Kevin Kelly has four jobs, and they're all about making noise. He hosts "Live and Local" on WILL-FM (90.9), and directs three distinctly different musical groups - the East Central Illinois Youth Orchestra, the choir at Emmanuel Memorial Episcopal Church and The Prairie Ensemble - a small orchestra known for its quirky programming and unstuffy presentation.
The Prairie Ensemble ...
performs April 28 at Faith United Methodist Church, 1719 S. Prospect Ave., Champaign. The concert begins at 7:30 p.m., preceded by Kelly's concert talk at 7, and features soprano Ollie Watts Davis, mezzo-soprano Elizabeth Buckley, and actors Joi Hoffsommer and Henson Keys. Amasong also will perform. For tickets, call 217-355-9077 or order online.
"I constantly feel like I'm not doing a very good job at anything," Kelly says. But he has thrived at each of these gigs. Under his direction, the youth orchestra has grown from fewer than a dozen local music students to a regional group of 60. The Prairie Ensemble - a whimsical idea Kelly hatched with a handful of friends more than 15 years ago - will be performing its 57th concert April 28. And at WILL, where Kelly hosted drive-time classical music programming for more than a decade, then-program director Jake Schumacher created "Live and Local," the noon-hour interview and music show, specifically for Kelly.
He was still a graduate student, earning dual master's degrees in orchestral and choral conducting, working at the UI Library and waiting tables on the side, when he was hired to conduct the youth orchestra in 1993. He has been at the other jobs since 1996, when he received multiple job offers within a three-month span - all just after resolving to leave Illinois.
"I had decided to go somewhere like Boston," he said. "I figured that even if I just wait tables there, maybe there would be more professional opportunities. But then suddenly, these other things came up."
The Prairie Ensemble was born about July 1996, out of Kelly's effort to gather a group of musicians to run through some pieces he had agreed to conduct for a concert in his hometown, Chambersburg, Pa. As he called friends to participate, he found himself having to answer questions about the purpose and intent of the event. When he met with a few of those friends for coffee, they decided to form an ensemble.
"We started asking ourselves: If we were to start a group, why would we do it and what would it be about? And what we came up with was, essentially, The Prairie Ensemble," Kelly said.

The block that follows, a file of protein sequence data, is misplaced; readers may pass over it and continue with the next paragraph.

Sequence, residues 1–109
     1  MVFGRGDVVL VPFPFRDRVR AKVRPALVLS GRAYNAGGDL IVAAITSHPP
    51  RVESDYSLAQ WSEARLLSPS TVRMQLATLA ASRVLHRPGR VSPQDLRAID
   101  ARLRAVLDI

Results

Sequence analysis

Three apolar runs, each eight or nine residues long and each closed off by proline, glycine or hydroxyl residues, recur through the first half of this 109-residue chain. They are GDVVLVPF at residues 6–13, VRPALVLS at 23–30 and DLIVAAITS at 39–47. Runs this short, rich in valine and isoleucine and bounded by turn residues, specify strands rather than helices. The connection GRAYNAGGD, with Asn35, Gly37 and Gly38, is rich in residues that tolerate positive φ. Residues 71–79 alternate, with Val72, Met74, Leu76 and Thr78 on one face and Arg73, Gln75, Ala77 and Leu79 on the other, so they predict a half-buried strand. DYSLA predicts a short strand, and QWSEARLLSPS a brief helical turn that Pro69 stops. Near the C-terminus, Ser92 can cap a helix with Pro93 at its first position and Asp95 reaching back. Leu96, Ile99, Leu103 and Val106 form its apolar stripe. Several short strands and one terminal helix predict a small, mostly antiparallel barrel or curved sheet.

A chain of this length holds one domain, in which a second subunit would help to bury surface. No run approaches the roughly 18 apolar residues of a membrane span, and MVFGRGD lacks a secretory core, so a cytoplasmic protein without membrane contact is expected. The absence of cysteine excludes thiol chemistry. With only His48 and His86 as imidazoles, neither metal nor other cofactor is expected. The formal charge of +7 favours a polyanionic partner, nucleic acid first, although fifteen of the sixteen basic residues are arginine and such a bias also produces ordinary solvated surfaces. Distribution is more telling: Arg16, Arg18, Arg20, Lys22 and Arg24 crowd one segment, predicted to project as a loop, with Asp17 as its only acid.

The group's mission statement, he said, is "to make first-rate music fun, approachable and affordable." They have developed a reputation for creative programming, playing pieces by lesser-known composers as well as better-known composers' more obscure works. For example, the April 28 concert will feature "Music for a Farce," by Paul Bowles; Suite From "Much Ado About Nothing," by Erich Korngold; as well as pieces by Mozart and Mendelssohn. The ensemble avoids all the formal trappings that can make classical concerts intimidating. Instead of tuxedos, the musicians wear bright colors. Instead of huge concert halls, the group performs in the more intimate settings of churches and nightclubs, where the audience is closer to the performers. And Kelly discourages anyone from addressing him as "maestro."
"I'm just the guy who happens to be conducting," he said. "At some point, in order to get a rehearsal done, I have to say this is how it's going to go. That's not me on a power trip; it's just that somebody has got to decide, and I'm the guy up there. If you have a better idea, talk to me about it. You may be right."
Kelly's four jobs dovetail, revolving around music. Asked to pinpoint his top talent, he gives what some might consider a surprising response. "I think I'm a good listener," he said.
For this reason, he prepares for his "Live and Local" interviews with some printed biographical notes in front of him, but no scripted questions. "I've heard too many interviews where you can tell the interviewer had questions written down, because they don't listen to the answer to the first one - they just ask the second one," he said.
The more famous the interviewee, the more Kelly is tempted to scribble down a query or two, and yet, the more futile the effort would be.
"What am I going to ask them that they haven't answered a hundred times? Probably nothing. So why sweat it? I just try to get a conversation started and go from there," Kelly said. "The most important aspect of my radio job is to be able to listen. If you're not listening as an interviewer, you might as well just not show up in the first place."
As a conductor, Kelly typically does most of the talking in rehearsals, but the suggestions and directions he issues from the podium have to come in response to what he hears, whether it's a bassoon coming in too soon or a cello melody that needs to be brought out. Beyond that, Kelly said, the job demands listening to the musicians as people. "I try to be a facilitator," he said. "I'm a conductor, but more in the electrical sense."